Thursday, February 25, 2021

Bleeding Gums? Maybe You Need To Start Taking Vitamin C

 When you brush or floss your teeth, do your gums bleed? If you answered yes, you could possible have gingivitis which is a disease that causes inflammation of the gums. 

If you gums continue to bleed, it's time to see a dentist and they can provide you with the best treatment option. However, according to a new study from the University of Washington recommends getting a blood test done to check your vitamin C levels.

The study was conducted by Philippe Hujoel, a participating dentist and professor of oral health sciences in the UW School of Dentistry. Below is a synopsis of the study...

"Hujoel's study, published Feb. 1 in Nutrition Reviews, analyzed published studies of 15 clinical trials in six countries, involving 1,140 predominantly healthy participants, and data from 8,210 U.S. residents surveyed in the Centers for Disease Control and Prevention's Health and Nutrition Examination Survey. The results showed that bleeding of the gums on gentle probing, or gingival bleeding tendency, and also bleeding in the eye, or retinal hemorrhaging, were associated with low vitamin C levels in the bloodstream. And, the researchers found that increasing daily intake of vitamin C in those people with low vitamin C plasma levels helped to reverse these bleeding issues."

"The study does not imply that successful reversing of an increased gingival bleeding tendency with vitamin C will prevent strokes or other serious health outcomes, Hujoel stresses. However, the results do suggest that vitamin C recommendations designed primarily to protect against scurvy -- a deadly disease caused by extremely low vitamin C levels -- are too low, and that such a low vitamin C intake can lead to a bleeding tendency, which should not be treated with dental floss."

It is also mentioned that if you partake in a specialized diet like paleo or low carb, it's vital to take vitamin C.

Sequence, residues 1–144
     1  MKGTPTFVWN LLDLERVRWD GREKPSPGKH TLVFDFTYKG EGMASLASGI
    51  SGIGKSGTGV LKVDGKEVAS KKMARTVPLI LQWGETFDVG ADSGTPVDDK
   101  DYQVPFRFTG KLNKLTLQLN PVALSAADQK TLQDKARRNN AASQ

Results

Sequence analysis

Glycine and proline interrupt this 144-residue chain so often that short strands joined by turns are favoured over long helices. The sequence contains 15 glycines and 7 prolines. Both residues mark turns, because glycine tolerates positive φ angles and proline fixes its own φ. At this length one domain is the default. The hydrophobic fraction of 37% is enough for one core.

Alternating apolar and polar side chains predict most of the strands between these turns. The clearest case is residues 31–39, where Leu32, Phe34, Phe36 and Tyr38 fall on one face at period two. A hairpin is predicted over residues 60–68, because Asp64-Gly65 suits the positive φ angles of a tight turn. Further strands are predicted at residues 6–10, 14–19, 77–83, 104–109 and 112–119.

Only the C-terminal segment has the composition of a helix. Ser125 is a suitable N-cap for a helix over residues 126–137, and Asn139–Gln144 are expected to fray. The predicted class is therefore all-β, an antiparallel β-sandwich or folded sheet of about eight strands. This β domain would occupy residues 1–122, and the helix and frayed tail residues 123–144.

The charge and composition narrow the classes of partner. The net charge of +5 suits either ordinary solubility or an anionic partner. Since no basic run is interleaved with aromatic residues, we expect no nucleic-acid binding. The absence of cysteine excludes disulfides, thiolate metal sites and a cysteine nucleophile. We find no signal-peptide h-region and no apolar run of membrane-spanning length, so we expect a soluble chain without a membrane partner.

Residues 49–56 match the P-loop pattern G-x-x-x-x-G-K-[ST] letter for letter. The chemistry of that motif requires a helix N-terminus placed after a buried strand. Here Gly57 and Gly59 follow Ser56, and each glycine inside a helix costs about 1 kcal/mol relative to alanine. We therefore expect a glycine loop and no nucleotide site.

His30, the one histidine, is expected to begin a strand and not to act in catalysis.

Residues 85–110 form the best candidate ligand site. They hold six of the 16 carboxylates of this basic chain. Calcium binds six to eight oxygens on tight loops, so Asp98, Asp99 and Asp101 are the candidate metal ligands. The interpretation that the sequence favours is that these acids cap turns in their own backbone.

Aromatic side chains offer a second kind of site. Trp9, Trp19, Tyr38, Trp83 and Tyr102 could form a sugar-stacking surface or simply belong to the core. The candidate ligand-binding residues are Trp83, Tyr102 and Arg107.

If you would like to read more about this study you can find the article here!

Tuesday, February 23, 2021

Temporary Home Remedies For Common Dental Problems

 Here are a few ways to treat some dental problems from home, until you can visit your dentist.

Sensitive Teeth:
Cause~ Exposed nerve root.
Treatment~ Lay off whiting treatments, brush teeth a little softer than normal.

Lost Tooth: 
Cause~ Sports.
treatment~ Rinse it with milk and push it back in right away, then bite down gently on a soft cloth or moistened tea bag to hold it in place. Then visit your dentist.

Burned Palate:
Cause~ Hot food.
Treatment~ Try using Kenalog in Orabase, an over-the-counter corticosteroid paste that creates a protective coating on the burn and speeds healing.

Burned Tongue:
Cause~ Hot drink or food.
Treatment~ Rinse your mouth with a solution of 1 teaspoon of salt and a cup of warm water.

Jaw Soreness:
Cause~ Temporomandibular joint disorder.
Treatment~Try sleeping on your side or back with a supportive pillow, instead of facedown.

Canker Sore:
Cause~ Sugary foods/Citrus.
Treatment~ Apply vegetable oil to a cotton ball and hold it against the sore three or four times a day.

Lost Filling:
Cause~Popcorn, Peanuts, Carmel.
Treatment~You can use sugarless chewing gum (chew it first) or soft wax to caulk the hole and reduce the sensitivity until you can visit your dentist.

Gum Pain:
Cause~Gingivitis (gum disease), tobacco use.
Treatment~ You can ease the pain by swishing peppermint tea around your mouth.

Thursday, February 18, 2021

My Teeth Could Use Some Brightening- What Actually Works?

 We all know that coffee, tea, wine, dark snacks and condiments will stain our teeth. This does not mean you have to swear them off Though!

The dietitian says:
 Just rinse your mouth with water right after eating, or stash some sugar free chewing gum. Consider adding foods and drinks that work towards whiter teeth into your diet, such as cheese, fruit and veggies.